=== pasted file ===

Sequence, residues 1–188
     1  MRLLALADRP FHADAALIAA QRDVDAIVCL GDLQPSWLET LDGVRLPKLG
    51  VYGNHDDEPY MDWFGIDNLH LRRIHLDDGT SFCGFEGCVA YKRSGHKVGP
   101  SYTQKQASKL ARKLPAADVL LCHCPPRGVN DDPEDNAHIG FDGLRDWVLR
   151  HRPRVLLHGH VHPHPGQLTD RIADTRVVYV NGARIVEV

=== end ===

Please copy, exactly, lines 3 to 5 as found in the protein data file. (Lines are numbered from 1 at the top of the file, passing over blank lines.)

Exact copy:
    51  VYGNHDDEPY MDWFGIDNLH LRRIHLDDGT SFCGFEGCVA YKRSGHKVGP
   101  SYTQKQASKL ARKLPAADVL LCHCPPRGVN DDPEDNAHIG FDGLRDWVLR
   151  HRPRVLLHGH VHPHPGQLTD RIADTRVVYV NGARIVEV